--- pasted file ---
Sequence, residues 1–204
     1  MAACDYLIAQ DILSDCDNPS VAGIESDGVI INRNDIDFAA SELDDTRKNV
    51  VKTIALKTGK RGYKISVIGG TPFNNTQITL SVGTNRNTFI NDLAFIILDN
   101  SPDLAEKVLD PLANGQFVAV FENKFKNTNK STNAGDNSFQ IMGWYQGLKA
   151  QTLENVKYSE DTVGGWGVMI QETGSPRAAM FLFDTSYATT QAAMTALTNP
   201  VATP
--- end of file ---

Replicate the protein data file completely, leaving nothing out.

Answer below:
Sequence, residues 1–204
     1  MAACDYLIAQ DILSDCDNPS VAGIESDGVI INRNDIDFAA SELDDTRKNV
    51  VKTIALKTGK RGYKISVIGG TPFNNTQITL SVGTNRNTFI NDLAFIILDN
   101  SPDLAEKVLD PLANGQFVAV FENKFKNTNK STNAGDNSFQ IMGWYQGLKA
   151  QTLENVKYSE DTVGGWGVMI QETGSPRAAM FLFDTSYATT QAAMTALTNP
   201  VATP